Academic journal article Hecate

Eve Plays Her Wilde Card and Makes the Straight Flush

Academic journal article Hecate

Eve Plays Her Wilde Card and Makes the Straight Flush

Article excerpt

In her two published novels, the Prior Prize-winning The Pea Pickers (1942), and its sequel White Topee (1954), Eve Langley engaged in subversive gender games and resignifications, including cross-dressing and picaresque adventures that could still be accommodated within the mainstream of relatively conventional narratives. However the manuscript of Langley's third, and potentially finest novel, Wild Australia, when submitted in 1953, utterly disconcerted the Angus and Robertson Readers, unaccustomed as they were to public speaking/writing that radically disrupted normative textual and biological boundaries by outrageously transgressive and parodic multiple shifts of gender, sex, time and space. "The thread of the MS (it can certainly not be called a story or plot) is a ride taken by 'Steve' in 1929 over the Australian Alps from Bruthen to join her sister Blue who is hop-picking. The first 200 pages describe the ride, the places stopped at, the people met with and, most of all, the landscape and the yearnings and--not to mince matters--the completely irrelevant thoughts it often calls forth in her. At all times the reader has difficulty in following Steve's leaps in time and space. One is given so few clues to her thought processes . . . it is so undisciplined, so, in parts, overwritten, and so, one might say, chaotic . . ."(1) Nan McDonald's annotation on this Report also expresses concern and mystification about "the author's idea of having been Oscar Wilde, mixed up with some peculiar ideas of changing sexes . . .".(2)

The pun in the title of Wild Australia hints at these shifts; Langley redeploys Oscar Wilde as Steve/Eve's reincarnated Other/Self to explore identity inversions and temporal, spatial, and sexual dislocations that make the gender politics of Orlando seem by comparison about as radical as those of Peter Pan. The parodic and ironic juxtapositions, destabilisations, and reappropriations of Langley's innovative narrative strategies wreak havoc with hegemonies, decades before Monique Wittig's deconstructions and reconstructions of heterosexual configurations and normative identities. Langley charted her own rites of passage to textual, psychic, personal, and political spaces, creating extraordinary narratives that make it tempting to affix such labels as Premature Postmodernist, were it not for the fact that Eve and Oscar have surely suffered enough from categorisations, specifically those reserved for the asocial and eccentric, the "bad" and the "mad".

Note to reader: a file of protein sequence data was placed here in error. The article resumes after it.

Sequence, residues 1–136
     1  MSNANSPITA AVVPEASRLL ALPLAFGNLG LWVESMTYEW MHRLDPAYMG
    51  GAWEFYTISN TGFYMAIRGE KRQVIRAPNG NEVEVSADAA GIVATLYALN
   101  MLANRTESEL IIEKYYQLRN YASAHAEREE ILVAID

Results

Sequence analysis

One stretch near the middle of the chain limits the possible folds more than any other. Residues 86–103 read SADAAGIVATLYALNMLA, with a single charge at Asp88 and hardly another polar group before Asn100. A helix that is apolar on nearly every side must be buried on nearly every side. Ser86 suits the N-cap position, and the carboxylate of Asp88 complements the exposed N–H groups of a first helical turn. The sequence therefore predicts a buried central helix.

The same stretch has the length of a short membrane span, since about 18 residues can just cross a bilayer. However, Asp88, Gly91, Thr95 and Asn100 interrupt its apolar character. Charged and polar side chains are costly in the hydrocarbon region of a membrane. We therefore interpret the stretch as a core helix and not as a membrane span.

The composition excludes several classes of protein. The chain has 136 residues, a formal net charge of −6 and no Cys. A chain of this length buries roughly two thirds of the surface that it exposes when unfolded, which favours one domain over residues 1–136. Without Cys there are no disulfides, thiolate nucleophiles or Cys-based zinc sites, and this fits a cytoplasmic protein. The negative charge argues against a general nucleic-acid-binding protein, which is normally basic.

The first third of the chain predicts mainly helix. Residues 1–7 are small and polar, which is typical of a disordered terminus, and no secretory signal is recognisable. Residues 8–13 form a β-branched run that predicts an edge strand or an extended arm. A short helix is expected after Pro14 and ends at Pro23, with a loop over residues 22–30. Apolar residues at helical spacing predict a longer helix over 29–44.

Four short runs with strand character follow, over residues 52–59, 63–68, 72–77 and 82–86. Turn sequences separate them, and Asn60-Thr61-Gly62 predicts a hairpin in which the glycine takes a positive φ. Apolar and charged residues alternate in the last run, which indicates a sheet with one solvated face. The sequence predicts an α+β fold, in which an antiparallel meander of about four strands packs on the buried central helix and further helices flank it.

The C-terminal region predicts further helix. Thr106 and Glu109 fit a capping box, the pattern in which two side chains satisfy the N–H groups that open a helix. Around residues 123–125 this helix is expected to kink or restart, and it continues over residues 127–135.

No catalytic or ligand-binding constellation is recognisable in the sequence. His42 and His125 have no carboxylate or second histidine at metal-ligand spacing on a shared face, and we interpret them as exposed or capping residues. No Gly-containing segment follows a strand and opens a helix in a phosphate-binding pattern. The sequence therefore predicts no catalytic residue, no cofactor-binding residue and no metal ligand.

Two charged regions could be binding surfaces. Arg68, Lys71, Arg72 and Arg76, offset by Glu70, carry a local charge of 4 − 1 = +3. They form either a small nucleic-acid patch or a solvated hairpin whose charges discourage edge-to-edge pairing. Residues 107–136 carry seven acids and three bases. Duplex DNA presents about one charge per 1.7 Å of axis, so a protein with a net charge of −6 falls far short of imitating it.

Both writers are similarly plagued by their novels being interpreted overliterally in the context of their lives, instead of in fictive contexts which extend beyond personal encodings which may or may not be discovered in their evasive, shifting and multilayered textual realities. It is said that labels derive from distrust of truly radical difference in the other, and Wilde himself ironically observed that "from a label there is no escape."(3) Wilde and Langley were subjected to inevitable and varying degrees of textual and material diminishment as an outcome of that ultimate means of controlling the different other, incarceration: one was deprived of liberty in Reading Gaol, the other in the Auckland Mental Hospital.

Langley's labels have been predictable enough; madwoman in the Australian literary attic; repressed lesbian, or maybe even "clinical transvestite"; victim of a conservative critical and publishing establishment; abject object in reclusive death in that isolated hut on the outskirts of Katoomba--the images proliferate and coalesce, refracted through other realities and agendas which invariably distort and diminish the woman and the writer. The comments of Vyvyan Holland, writing of his father, hold an analogous relevance; "As people recede further and further into the past, they are apt to assume the aspect of effigies from which all humanity has departed; and when other people write about them they hack them about to make them fit into a pattern of their own making until no flesh and blood remains. …

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